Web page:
Locating the Museum or Locating the Collective Memory: The Role of the Izmir Museum in Izmir’s Nationalization

    • IMG_1954
    • Presentation speakers
      • Selvihan Kurt, Independent Researcher, Istanbul, Turkey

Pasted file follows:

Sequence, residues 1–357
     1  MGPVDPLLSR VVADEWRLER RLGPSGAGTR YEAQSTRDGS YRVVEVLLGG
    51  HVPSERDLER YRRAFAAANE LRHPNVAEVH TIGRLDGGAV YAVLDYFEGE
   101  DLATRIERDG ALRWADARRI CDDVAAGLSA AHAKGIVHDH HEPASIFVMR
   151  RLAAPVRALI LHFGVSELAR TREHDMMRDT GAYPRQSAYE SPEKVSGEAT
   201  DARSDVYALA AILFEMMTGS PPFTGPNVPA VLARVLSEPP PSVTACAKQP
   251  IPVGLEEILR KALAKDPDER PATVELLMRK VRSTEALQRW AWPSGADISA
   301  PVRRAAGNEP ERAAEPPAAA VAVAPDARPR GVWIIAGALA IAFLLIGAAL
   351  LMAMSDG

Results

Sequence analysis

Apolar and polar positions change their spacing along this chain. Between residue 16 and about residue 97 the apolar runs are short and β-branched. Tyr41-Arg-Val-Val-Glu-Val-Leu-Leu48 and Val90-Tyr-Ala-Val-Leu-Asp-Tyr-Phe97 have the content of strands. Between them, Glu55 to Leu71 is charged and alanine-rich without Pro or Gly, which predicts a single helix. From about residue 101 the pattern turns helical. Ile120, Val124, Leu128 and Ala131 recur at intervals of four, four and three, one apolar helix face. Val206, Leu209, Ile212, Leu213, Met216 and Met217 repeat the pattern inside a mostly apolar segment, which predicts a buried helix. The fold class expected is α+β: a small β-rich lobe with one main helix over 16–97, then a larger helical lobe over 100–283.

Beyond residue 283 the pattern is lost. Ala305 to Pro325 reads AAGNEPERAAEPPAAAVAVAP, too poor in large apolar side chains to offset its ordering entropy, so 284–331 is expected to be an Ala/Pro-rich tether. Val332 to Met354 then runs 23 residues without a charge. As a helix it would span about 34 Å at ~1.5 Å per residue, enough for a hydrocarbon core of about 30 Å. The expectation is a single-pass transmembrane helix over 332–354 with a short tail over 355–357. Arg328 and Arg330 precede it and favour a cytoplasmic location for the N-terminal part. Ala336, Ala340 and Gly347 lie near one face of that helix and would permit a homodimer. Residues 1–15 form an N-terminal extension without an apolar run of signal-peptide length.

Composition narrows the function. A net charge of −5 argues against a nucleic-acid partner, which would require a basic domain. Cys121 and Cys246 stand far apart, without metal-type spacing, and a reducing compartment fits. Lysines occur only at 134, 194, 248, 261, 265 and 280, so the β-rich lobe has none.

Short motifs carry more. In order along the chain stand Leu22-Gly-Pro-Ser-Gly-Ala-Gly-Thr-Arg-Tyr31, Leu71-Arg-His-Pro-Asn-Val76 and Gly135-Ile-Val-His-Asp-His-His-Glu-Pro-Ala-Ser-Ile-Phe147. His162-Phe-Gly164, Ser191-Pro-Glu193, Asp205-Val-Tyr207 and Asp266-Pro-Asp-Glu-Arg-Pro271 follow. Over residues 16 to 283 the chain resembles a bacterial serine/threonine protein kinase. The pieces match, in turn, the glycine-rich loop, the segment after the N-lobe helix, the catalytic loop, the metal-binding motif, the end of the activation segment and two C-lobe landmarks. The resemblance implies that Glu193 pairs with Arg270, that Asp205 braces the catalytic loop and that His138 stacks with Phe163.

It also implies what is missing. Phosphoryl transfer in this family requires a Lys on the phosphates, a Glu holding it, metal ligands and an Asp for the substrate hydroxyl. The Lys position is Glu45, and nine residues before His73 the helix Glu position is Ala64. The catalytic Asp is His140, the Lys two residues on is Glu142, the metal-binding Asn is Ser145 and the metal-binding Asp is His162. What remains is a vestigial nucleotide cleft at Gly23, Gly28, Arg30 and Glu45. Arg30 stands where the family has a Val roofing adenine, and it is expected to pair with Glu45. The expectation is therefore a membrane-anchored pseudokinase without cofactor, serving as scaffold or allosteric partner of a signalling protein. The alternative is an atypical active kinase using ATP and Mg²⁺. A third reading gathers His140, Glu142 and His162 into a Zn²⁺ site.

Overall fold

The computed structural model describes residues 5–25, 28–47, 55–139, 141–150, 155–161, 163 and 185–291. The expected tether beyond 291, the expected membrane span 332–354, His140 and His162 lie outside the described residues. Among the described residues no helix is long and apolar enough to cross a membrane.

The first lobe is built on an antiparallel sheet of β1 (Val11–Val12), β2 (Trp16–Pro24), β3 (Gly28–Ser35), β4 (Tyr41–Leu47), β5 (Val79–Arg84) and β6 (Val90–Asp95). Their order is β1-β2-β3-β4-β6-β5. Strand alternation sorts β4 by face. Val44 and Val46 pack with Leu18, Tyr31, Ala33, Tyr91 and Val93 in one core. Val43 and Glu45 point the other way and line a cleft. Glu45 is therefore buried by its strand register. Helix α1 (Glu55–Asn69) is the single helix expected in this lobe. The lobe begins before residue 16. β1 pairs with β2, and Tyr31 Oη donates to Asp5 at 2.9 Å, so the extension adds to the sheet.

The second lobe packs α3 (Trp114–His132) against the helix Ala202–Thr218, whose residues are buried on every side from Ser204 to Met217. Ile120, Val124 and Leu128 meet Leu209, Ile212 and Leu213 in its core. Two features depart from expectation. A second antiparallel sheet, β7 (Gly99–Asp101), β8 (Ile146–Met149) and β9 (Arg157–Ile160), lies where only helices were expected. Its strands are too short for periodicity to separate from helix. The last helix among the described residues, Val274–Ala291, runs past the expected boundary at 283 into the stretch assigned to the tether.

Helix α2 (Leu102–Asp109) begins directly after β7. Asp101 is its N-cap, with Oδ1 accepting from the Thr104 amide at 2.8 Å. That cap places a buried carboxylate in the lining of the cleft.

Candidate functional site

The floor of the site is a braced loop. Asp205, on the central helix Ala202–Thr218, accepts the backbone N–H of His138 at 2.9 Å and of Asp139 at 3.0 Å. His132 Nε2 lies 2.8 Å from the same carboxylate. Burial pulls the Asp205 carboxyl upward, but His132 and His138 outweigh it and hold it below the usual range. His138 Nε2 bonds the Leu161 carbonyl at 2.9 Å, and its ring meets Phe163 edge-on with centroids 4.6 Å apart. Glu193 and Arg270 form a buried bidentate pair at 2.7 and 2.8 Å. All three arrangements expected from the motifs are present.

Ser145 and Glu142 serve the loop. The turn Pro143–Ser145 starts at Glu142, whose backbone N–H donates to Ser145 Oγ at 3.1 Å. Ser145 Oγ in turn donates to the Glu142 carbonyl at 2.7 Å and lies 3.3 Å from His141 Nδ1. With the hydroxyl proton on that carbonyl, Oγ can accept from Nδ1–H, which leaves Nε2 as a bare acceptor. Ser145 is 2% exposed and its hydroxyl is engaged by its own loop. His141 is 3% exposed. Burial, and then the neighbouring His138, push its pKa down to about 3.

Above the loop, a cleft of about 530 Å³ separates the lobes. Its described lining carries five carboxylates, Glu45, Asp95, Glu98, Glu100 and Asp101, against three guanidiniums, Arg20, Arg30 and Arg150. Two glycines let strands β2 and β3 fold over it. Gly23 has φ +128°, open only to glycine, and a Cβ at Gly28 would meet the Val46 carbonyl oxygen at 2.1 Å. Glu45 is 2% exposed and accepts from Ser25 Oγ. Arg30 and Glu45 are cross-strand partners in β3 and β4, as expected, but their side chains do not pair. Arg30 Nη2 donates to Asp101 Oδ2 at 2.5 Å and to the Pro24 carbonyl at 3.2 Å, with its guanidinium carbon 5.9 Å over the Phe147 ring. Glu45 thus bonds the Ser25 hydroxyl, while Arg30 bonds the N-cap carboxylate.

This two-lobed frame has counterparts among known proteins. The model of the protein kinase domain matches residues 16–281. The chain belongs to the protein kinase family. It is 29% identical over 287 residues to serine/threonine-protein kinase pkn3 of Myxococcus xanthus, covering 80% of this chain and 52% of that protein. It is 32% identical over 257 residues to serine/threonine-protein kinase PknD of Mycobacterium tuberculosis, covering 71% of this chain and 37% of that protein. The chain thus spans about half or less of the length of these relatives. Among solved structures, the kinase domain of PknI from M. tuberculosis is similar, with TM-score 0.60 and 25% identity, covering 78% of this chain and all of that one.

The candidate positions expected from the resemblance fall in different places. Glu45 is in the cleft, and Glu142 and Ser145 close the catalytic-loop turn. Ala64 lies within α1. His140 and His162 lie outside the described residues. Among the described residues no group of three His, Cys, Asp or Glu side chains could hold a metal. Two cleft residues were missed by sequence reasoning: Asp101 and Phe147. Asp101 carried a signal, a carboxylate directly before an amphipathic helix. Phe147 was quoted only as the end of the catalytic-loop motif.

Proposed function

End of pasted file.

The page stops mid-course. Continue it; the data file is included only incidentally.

The end of 19th century and the first decades of 20th century were very turbulent times for the Ottoman Empire under effect of nationalism. In 1923 with the end of World War I the Ottoman Empire was officially dismissed and Turkish Republic was declared. The Turkish parliament was brought together and declared even before, in 1920. The new republic declared Ankara, which was a small town in that time over imperial capital Istanbul and it was the first sign of state’s urban moves for the demonstration of the transformation of the country on spatial forms. Izmir/Smyrna was the urban and coastal center of the empire on the western Anatolia peninsula and it was also the most cosmopolite city of the empire along with Istanbul in terms of demographic, economic, cultural and urban senses. The Great Fire in Izmir in 1922 was the final destruction of World War I in the city and it was also a terminator for the very cosmopolite urban character of the city which was the last reminiscence of the cosmopolite population of the city that was forced to migrate with the population exchange with Greece or run away from the war. The melted city was reconstructed literally on the ashes of its former urban centers and furnished with the view of a nationalized city through the application of very typical republican project. The museum of the city was very functional in this nationalizing process and the locations chosen for the museum were not arbitrary at all. This paper will try to explore and narrate significance of the locations of Izmir Museum, which served in three different building in the nationalizing of Izmir’s urban topography and the contribution of the museum in the construction of a nationalized collective memory in connation to locations of the museum.